A Glimpse into the Teenage World:
When asked to write about social skills and looking at how the virtual world has not only captured our imagination but our entire being, made me wonder if these skills were applicable anymore.
But then it dawned that these social skills are more important and relevant than any other skill set for a generation that is probably going to be governed by Artificial Intelligence and facing a reality that is on the other side of a screen.
So, what would be the most important social skills in the coming decade or more?
- They wanted to be heard, they wanted others to listen.
- They wanted to be cared for, so that sharing with them became important.
- They wanted to be included, be a part of the whole.
- They wanted to be respected, for who they are and what they “brought to the table”.
- They wanted their past to be forgotten and they be looked at for what they have evolved into.
- They wanted to be considered important enough to contribute.
- And lastly but not the least they wanted to be loved, beyond their weaknesses, their follies and their failings.
Mulling over both the events made me list down a few social skills that in my opinion, (‘my opinion’ being the operative word here) the so-called Gen 2.0 need to hone for a more cohesive and collaborative life. (Disclaimer: this list was drawn after giving a judicious thought to both sides in the instances mentioned above)
Listening not for replying but listening for understanding someone else’s point of view, argument or discussion. Understanding does not equate to being convinced or influenced in any way.
Chat messages on groups aren’t sharing. Sharing isn’t about information or engaging in charity. Sharing is that fraternal feeling for any another human being which propels us to extend help in times of need without any expectations.
Well, wouldn’t sharing and cooperating mean the same? Not really. Cooperation means being an enabler. Your support towards anything that may not be largely beneficial personally but contribute towards the welfare of others would be a cooperative and “very cool” thing to do.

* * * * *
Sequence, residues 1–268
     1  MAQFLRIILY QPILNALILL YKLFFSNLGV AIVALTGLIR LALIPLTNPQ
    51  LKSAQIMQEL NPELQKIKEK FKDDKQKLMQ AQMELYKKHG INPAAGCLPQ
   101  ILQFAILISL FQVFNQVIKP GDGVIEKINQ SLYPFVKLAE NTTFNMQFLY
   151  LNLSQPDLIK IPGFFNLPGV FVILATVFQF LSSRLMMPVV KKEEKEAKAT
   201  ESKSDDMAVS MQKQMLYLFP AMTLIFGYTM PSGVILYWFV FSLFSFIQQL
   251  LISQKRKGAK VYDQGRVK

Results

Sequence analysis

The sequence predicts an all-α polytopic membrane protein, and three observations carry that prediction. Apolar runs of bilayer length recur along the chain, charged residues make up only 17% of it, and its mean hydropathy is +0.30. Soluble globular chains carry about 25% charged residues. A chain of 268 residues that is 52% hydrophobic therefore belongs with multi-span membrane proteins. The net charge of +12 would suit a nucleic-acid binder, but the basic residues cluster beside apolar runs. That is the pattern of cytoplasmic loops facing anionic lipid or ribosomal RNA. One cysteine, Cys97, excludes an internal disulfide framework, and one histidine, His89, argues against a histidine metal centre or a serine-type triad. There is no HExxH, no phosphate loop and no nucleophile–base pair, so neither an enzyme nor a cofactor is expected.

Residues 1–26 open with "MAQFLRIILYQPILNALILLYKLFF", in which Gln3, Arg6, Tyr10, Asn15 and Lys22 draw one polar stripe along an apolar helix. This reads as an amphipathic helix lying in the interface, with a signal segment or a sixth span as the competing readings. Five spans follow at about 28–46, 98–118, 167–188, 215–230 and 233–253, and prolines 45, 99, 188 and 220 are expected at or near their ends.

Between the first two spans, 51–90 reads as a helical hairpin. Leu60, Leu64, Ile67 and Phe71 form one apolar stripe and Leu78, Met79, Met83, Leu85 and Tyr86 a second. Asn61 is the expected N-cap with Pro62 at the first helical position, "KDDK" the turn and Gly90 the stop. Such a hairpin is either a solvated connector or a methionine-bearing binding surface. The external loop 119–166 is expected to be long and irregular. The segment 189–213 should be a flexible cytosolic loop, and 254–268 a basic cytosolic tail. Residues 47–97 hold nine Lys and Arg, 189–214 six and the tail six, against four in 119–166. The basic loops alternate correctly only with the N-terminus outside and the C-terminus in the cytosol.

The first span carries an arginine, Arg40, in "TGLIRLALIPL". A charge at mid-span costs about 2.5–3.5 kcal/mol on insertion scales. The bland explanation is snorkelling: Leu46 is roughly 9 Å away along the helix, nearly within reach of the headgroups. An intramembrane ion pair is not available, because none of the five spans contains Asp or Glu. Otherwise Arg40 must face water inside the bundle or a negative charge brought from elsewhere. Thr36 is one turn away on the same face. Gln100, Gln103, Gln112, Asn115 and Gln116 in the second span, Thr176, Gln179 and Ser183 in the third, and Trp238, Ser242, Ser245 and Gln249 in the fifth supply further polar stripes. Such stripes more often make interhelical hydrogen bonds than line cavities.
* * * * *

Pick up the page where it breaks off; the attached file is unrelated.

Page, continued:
It seems that in the process of being friendly, we have some where lost the ‘Art’ of respecting. Friendly is a persona, respect is an attitude. An agreement or a disagreement should not let you cross the boundaries of respecting an idea, ideology or behaviour. Respecting does not mean you agree to what is being stated, it just means that you have heard someone without reacting to it.
The present world situation cannot more appropriately put into perspective the importance of this skill. The progress in telecommunication makes it possible to have information, literally and theoretically, on your fingertips! But authentication is the need of the hour. It saves spreading of panic and ensures we remain calm in turbulent times.
6. Being Responsible:
It’s important that we take responsibility of our ‘ayes’ but we are equally responsible when we do not firmly express a timely ‘nay’. It establishes your assertiveness about not only your beliefs but also defines the limits which you would not exceed nor let others do the same too.
7. Being Kind:
The new IQ (intelligent quotient) is EQ (emotional quotient)! In a diversified world where getting information is so easy but processing it depends on the individual and the surroundings that they are exposed to.“Being in their shoes” would be essential to make informed decisions. Being kind does not mean pampering or mollycoddling. It means a timely intervention which would save someone from unnecessary heartache or difficulty though it may not get you any benefits.
This almost confirms the doubt that I always pondered upon: Why has Shakespearean literature been relevant through four centuries and the answer which stares back is; it deals with human emotions! I can see frown lines on your forehead questioning the connection between the two. Clearly our emotions drive theñ skills we imbibe for the trait we want to exhibit (either positive or negative). These traits are universally accepted or rejected in any social structure or culture. This defines our confidence and self-esteem and how we view ourselves.
Therefore, be it at home or your workplace, addressing your dear ones or inspiring the young with these skills may just save ‘the human’ in us all!
Also read: 10 Common Teenage Problems And Solutions
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